Gas hydrates are crystalline solids formed when water molecules form a cage-like structure and trap a large number of gas molecules within. Gas hydrates are thermodynamically stable under conditions of low temperature and high pressure and occur in nature typically in permafrost regions and marine off-shores. If warmed or depressurized, hydrates destabilize and dissociate into water and gas.
It is widely believed that the energy content of methane occurring in the form of hydrates possibly exceeds the combined energy content of all other conventional fossil fuels put together. Natural gas hydrates are, therefore, deemed a promising future energy resource, and it is of high interest to develop technically and economically feasible methods for producing methane gas from these reservoirs. Several methods have been proposed, such as, thermal stimulation and depressurization. However, there are serious safety concerns regarding the inherent environmental and geotechnical risks associated with gas hydrate destabilization. When the gas hydrates form in natural sediments, they enhance the strength of the sediment and prevent normal consolidation. During gas production, loss of hydrates can cause rapid consolidation, uncontrolled sand migration, bore-hole instabilities and well collapse. Loss in the structural integrity of the sediment around the production well can seriously impact local and regional slope stability. Due to these process management and safety concerns, and large uncertainties associated with the properties, distributions, and hydro-geomechanical behavior of hydrate-soil fabrics, none of the proposed methods have reached the technical maturity which is necessary for large scale gas production, despite a considerable research effort in the past decades.
To make realistic assessments of the viability of any future technology for natural gas hydrate reservoirs, it is important to develop mathematical models and numerical tools that can handle highly coupled multi-physics processes in complex geological settings, and reliably quantify the uncertainties in their predictions for the relevant production scenarios.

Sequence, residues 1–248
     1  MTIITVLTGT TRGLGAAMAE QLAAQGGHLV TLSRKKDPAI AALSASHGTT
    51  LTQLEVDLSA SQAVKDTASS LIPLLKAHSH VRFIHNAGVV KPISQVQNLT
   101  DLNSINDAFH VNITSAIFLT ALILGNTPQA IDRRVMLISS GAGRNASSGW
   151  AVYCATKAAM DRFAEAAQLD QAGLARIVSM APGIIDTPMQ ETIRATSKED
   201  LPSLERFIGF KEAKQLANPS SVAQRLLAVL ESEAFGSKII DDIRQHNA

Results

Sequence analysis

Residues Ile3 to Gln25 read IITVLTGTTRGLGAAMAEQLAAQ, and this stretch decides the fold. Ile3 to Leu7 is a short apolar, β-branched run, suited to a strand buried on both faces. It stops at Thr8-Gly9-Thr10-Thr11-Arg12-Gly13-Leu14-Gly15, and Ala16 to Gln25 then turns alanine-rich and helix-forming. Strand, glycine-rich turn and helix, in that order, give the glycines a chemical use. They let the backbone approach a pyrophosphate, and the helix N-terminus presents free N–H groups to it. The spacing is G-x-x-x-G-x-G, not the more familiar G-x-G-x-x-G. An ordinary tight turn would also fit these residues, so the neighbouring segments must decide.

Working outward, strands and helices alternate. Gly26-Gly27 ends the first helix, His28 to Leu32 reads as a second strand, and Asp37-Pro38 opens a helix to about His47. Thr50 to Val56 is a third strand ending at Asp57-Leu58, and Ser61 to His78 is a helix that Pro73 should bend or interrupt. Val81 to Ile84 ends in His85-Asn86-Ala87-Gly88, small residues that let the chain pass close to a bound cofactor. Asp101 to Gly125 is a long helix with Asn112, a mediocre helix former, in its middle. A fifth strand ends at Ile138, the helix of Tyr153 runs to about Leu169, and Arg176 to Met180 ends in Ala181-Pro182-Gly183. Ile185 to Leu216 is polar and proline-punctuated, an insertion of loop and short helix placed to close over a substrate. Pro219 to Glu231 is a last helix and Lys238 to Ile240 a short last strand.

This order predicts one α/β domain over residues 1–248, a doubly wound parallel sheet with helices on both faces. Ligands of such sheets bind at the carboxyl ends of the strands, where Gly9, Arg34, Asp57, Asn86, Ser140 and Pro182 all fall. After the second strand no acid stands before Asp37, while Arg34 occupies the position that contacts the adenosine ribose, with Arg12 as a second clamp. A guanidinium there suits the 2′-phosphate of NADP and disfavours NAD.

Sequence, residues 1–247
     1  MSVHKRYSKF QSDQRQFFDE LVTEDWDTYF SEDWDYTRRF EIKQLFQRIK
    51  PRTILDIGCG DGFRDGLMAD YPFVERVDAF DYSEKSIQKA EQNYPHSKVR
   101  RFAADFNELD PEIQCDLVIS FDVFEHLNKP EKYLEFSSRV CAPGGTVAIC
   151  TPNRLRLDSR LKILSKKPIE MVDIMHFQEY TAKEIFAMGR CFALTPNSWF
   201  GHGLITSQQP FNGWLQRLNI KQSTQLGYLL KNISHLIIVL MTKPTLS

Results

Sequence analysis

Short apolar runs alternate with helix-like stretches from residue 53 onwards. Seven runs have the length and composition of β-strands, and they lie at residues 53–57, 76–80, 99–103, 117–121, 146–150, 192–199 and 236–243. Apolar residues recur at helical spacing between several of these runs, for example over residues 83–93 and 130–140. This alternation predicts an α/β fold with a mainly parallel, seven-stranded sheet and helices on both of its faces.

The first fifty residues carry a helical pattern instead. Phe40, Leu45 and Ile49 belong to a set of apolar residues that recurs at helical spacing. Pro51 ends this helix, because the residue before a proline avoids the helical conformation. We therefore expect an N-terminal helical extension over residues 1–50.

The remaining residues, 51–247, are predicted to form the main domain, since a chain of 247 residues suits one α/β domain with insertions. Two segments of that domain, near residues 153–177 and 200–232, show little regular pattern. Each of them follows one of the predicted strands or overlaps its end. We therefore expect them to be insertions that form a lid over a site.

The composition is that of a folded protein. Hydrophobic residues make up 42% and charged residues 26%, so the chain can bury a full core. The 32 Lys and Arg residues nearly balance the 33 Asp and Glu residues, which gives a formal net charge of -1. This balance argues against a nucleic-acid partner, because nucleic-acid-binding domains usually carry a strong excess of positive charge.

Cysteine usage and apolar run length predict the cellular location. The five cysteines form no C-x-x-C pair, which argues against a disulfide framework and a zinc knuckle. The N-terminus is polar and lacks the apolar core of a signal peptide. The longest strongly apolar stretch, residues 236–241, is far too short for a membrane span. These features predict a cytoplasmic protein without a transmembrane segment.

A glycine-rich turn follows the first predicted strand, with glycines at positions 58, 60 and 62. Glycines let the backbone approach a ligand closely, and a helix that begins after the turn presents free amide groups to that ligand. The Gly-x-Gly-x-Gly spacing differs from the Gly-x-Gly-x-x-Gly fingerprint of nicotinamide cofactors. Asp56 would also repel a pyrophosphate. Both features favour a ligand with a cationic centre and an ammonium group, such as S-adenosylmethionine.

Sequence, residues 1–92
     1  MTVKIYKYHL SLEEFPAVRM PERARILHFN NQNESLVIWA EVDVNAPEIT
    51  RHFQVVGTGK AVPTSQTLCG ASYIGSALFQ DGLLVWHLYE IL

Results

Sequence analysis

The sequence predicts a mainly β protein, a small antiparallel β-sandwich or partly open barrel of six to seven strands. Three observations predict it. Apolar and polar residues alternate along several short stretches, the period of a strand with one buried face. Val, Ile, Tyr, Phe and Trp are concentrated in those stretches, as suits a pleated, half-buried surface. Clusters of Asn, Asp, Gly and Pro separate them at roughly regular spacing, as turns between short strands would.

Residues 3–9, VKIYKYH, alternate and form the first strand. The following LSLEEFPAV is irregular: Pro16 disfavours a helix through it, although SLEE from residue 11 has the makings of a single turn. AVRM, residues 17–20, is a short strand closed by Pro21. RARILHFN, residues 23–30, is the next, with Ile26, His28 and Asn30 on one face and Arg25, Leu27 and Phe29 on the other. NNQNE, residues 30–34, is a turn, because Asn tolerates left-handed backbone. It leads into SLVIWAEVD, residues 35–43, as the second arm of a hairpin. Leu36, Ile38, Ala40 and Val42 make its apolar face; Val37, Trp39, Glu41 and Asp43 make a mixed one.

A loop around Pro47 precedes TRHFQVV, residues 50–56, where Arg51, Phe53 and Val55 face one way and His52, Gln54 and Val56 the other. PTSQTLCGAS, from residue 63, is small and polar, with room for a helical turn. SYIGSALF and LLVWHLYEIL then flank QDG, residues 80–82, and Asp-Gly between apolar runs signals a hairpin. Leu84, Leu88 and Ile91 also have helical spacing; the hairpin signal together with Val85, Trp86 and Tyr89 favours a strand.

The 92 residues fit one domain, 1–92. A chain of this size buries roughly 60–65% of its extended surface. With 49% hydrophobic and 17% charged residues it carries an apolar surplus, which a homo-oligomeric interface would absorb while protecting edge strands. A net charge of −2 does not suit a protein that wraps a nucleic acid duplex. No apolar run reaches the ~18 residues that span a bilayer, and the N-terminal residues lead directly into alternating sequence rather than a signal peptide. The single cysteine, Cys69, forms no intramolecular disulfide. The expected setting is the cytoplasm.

Here, we present our modeling and coupling concept for marine gas hydrate geosystems with a focus on gas production and geotechnical risks quantification. In this context, we describe natural gas hydrate reservoirs as highly complex geological porous medium characterized by large material heterogeneities, local anisotropies, and a large number of strongly coupled multi-physics processes, including: 1) kinetically driven hydrate phase change; 2) multi-phase, multi-component fluid flows; 3) thermal effects; 4) geomechanical deformation of the sediment. Central to our coupling concept is the assumption that hydrate and soil form a single composite phase, where, soil forms the primary load bearing skeleton, while the hydrate acts as a mechanical cementing agent which only enhances the strength and stiffness of the composite solid without bearing any load itself. An important consequence of this assumption is that it allows us to define two porosities: One that evolves as a result of sediment deformation, and the other that evolves due to hydrate phase change, thereby, greatly simplifying the mathematical model.
In this presentation, we will describe our mathematical model and numerical solution strategy, and show the applicability of our model through numerical simulation of high pressure flow-through tri-axial experiments.
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